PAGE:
Christmas is over. The new year has begun. And it’s already time for the most annoying and stressful phase of the semester again – the examination phase.
Every semester I think to myself: This time I will be better prepared! And yet, every year it’s the same sad game all over again! I usually start off very motivated and ready, but somehow after a week or two my motivation is gone, and I postpone everything I must do until I am so under pressure that I am regularly very close to having a nervous breakdown. Procrastination at its best!
Procrastination – a Mental Disorder?
The term procrastination is generally understood as behaviour characterised by either not completing tasks despite existing opportunities and abilities or completing them only after a very long time and often too late. Many people are probably familiar with this definition.
What is less well known is that procrastination is also a pathological disorder and, therefore, a mental illness.
Procrastination as a disorder can occur as parts of a diagnosable mental disorder, such as depression, anxiety disorder or ADHD and also single-handedly affect a person’s psychological well-being. Problems with setting priorities, lack of or unrealistic planning, deficits in time management or in the ability to concentrate and fear of failure or criticism can be factors that promote procrastination.
However, not every delay of important tasks or every procrastination-promoting behaviour ends in a mental disorder.
Tips to Detect and Battle Procrastination
On the website of the WWU Münster, for example, you can take a self-test to reflect on your behaviour (https://www.uni-muenster.de/Prokrastinationsambulanz/Angebote_Test.html).
But there are also some everyday tips to help you combat procrastination while staying focused and motivated.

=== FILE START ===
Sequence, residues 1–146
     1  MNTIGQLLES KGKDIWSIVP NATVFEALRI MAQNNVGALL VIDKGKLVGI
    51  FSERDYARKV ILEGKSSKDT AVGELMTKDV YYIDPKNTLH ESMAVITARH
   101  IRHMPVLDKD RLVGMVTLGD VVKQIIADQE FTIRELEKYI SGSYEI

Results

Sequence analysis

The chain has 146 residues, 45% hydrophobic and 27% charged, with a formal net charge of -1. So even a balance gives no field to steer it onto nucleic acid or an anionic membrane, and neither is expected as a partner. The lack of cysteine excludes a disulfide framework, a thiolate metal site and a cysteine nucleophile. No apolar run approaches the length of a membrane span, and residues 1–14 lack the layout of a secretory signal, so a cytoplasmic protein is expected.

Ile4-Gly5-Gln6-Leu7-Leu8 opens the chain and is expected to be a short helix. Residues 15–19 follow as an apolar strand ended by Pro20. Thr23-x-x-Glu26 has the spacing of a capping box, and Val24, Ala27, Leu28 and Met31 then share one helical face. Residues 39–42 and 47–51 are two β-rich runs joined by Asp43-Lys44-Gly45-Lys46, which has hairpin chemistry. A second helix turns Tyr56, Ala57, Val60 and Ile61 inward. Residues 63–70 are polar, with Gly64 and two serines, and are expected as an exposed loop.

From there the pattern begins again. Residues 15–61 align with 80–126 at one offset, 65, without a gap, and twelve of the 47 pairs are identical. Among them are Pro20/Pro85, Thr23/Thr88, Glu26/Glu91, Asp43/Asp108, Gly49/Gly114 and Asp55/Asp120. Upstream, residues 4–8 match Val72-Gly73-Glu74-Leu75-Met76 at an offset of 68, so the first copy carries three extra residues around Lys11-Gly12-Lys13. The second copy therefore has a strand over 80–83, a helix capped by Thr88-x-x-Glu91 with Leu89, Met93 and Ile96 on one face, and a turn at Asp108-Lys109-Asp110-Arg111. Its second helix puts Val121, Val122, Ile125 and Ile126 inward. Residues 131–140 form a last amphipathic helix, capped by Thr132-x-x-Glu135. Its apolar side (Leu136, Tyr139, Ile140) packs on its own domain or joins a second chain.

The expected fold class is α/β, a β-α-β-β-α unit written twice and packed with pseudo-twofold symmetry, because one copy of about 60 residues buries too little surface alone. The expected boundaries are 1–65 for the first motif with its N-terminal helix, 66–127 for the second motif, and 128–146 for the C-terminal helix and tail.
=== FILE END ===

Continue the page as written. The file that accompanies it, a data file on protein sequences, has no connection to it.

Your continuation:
Firstly, it can be helpful to create a kind of to-do list with precise time details, goals you want to achieve and sufficient breaks. Most of the time I put off tasks and prefer to spend my time cleaning my room or cooking because I don’t know exactly where to start or how to manage my time. A schedule and a to-do list could solve this problem. As Kidlin’s Law says: If you can write the problem down clearly, you’re halfway there.
The second piece of advice that goes hand in hand with the first one is to read up on different time management strategies. For example, after a maximum of 90 minutes of intensive working or studying, you should take a break of 15 minutes to get some fresh air and drink something. You should do something that has nothing to do with work so that your brain can recover. Afterwards, you can continue working with renewed energy and concentration.
Of course, many other tips and tricks can help fight procrastination, such as using a time tracking app, rewarding yourself for good work, or romanticising your studies. Therefore, it makes sense to look for further tips on the internet that fit your personality for your personality and learning type.
It is crucial to understand that procrastination often has nothing to do with the personal weakness of will or laziness, as our society often assumes!
Therefore, it is important not to label a person too quickly, but to think outside the box and make sure that the person is doing well or to provide help if necessary.
Author: Tabea Oppelt